For decades, Paul Sandoval has been a mentor, friend, and adviser to virtually every Denver Democrat (and more than a few Republicans). Here, an oral history of his rise from local activist to political kingmaker.
The Young Entrepreneur
In 1944, Paul Sandoval was born in northwest Denver to Camilla and Jerry Sandoval. The ninth of 11 children, Sandoval earned a reputation early on as a cunning deal-maker.
Joe Sandoval, Paul’s brother: Times were tough when we were growing up. My mom was a stay-at-home mom who’d clean houses to make extra money. My dad worked at the meatpacking house scalding hogs. They taught us about work ethic, and everyone pitched in. Paul and I started selling papers with our older brothers when we were six and seven. Paul was always outgoing and gregarious—always trying to make that extra nickel. If you didn’t sell all your newspapers in a day, when you turned them in they’d charge you for how many you didn’t sell. Every night, he’d say, “We have to sell every newspaper.” After people would leave downtown at 5:30 or 6, we would go hustle the bars until we sold out.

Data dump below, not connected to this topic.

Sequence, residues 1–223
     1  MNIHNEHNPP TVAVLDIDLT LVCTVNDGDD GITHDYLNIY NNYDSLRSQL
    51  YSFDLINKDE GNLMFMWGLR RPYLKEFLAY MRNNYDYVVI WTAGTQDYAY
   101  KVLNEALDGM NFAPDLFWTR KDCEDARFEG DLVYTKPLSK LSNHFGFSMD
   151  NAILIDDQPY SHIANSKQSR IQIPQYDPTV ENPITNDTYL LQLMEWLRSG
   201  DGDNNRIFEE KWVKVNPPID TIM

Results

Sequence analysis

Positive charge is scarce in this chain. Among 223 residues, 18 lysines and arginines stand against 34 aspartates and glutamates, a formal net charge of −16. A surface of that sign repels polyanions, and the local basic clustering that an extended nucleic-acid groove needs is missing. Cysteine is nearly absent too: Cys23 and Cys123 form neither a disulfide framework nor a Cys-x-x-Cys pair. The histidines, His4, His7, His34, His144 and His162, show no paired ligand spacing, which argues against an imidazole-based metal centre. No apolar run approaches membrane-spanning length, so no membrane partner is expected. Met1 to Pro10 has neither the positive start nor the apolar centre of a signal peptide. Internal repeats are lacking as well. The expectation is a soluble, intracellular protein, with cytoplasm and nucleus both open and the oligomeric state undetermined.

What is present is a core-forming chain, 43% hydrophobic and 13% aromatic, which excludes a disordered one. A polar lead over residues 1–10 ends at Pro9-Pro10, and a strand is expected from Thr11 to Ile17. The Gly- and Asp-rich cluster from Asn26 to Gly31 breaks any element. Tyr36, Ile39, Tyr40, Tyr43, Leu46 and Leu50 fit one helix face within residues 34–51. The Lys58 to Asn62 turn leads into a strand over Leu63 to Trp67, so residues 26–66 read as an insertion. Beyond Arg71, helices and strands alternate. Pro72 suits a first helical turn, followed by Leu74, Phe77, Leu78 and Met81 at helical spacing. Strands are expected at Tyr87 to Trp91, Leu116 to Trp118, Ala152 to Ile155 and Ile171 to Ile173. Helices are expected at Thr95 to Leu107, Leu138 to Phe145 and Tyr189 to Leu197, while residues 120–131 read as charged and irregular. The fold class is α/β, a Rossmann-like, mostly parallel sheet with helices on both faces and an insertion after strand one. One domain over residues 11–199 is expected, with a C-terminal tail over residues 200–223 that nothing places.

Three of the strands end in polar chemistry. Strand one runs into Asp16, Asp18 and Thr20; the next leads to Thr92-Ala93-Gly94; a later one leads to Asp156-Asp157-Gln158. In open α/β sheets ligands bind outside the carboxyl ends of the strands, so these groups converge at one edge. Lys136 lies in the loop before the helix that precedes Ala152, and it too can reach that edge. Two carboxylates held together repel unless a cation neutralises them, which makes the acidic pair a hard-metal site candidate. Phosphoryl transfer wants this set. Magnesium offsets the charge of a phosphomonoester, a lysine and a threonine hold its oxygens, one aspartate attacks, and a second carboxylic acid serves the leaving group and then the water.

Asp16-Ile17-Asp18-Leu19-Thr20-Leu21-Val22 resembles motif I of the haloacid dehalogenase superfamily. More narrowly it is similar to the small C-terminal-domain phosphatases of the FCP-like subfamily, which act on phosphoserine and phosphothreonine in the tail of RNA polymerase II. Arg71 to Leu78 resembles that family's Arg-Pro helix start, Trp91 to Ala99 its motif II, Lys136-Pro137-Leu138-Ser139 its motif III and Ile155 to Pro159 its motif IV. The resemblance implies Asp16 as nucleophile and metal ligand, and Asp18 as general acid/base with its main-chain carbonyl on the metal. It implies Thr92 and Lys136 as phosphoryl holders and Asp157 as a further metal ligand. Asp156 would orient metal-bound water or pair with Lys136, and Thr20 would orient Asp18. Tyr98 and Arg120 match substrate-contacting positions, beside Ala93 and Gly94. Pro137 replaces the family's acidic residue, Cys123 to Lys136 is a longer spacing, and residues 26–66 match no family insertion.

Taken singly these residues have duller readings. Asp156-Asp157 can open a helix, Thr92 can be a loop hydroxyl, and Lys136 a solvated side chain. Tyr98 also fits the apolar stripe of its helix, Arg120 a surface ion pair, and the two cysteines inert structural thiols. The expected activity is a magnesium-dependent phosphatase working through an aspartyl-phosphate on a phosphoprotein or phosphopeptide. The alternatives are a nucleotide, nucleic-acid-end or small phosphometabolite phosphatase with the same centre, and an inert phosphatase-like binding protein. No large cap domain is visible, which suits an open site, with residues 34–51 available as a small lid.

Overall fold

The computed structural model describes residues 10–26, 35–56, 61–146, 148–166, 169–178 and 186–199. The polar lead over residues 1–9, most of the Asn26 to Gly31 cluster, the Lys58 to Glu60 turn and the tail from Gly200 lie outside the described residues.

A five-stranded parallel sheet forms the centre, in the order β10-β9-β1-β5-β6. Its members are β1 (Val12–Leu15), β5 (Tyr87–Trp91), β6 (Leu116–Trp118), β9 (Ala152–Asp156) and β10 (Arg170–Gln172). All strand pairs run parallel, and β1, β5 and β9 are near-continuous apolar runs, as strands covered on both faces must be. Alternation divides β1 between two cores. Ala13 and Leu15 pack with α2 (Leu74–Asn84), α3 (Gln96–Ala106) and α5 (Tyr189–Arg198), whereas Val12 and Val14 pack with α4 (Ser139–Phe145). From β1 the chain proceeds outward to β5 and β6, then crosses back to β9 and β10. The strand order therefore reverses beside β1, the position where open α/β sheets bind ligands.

Ken Salazar, U.S. Secretary of the Interior: When you grow up on the streets selling newspapers to make a living, it gives you wisdom from the school of hard knocks.
Paul Sandoval: I had the New Customs House on my route. President Eisenhower had a heart attack and was recovering near Fitzsimons, so when he got better, he went to the Customs House to thank his Secret Service. I knew all the back entrances and found him there at the desk, so I asked him, “Would you like to buy a paper?” A staff member said, “What are you doing here? Do you know who this is?” I just said, “Do you want to buy a paper?” He said, “Sure, how much?” I said, “Five cents.” He said, “Well, I only have five dollars.” I said, “That’s OK, I’ll get you change.” He said, “No. Here, kid. Just keep it.” I asked him to sign the money, and he said sure, so he signed the five dollars. I took that five dollars and sold it for $10 and doubled my money.